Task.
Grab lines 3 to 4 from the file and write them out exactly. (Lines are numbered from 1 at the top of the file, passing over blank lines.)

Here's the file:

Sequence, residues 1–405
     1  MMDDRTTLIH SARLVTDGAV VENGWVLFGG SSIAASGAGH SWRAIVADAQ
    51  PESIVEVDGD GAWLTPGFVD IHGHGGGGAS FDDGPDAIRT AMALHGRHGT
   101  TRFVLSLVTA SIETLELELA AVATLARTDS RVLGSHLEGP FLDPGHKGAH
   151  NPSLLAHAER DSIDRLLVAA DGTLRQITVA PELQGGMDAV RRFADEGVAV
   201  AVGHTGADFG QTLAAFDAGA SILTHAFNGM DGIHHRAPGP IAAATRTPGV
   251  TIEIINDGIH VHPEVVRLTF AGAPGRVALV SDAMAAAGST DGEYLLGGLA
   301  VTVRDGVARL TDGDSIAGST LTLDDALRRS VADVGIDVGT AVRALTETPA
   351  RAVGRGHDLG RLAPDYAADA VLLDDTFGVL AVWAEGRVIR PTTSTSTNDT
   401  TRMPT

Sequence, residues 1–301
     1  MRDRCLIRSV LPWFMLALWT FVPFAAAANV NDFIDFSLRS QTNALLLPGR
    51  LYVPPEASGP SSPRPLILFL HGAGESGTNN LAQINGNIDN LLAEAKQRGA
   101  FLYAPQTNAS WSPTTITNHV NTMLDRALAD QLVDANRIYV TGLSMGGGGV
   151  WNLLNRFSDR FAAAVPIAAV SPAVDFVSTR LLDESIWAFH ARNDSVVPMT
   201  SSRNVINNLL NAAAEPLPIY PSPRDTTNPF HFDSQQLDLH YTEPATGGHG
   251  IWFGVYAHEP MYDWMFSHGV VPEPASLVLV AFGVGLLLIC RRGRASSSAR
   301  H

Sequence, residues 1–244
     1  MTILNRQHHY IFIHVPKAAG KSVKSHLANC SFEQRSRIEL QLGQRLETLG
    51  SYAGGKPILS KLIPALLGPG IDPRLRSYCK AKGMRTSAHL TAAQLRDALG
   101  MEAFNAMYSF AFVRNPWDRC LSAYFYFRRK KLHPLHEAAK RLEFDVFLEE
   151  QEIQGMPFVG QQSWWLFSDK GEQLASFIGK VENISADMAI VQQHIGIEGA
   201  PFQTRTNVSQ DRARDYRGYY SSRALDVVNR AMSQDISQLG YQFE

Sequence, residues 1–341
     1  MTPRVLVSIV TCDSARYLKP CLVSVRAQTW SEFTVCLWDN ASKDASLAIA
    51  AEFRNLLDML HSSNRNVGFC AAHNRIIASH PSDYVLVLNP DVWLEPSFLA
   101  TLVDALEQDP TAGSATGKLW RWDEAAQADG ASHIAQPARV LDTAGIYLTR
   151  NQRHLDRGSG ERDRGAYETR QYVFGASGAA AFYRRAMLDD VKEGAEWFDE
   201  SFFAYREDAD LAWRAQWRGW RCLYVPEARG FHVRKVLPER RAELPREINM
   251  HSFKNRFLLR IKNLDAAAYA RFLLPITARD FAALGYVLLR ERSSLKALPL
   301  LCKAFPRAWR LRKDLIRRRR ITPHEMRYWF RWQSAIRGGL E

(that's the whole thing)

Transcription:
    51  PESIVEVDGD GAWLTPGFVD IHGHGGGGAS FDDGPDAIRT AMALHGRHGT
   101  TRFVLSLVTA SIETLELELA AVATLARTDS RVLGSHLEGP FLDPGHKGAH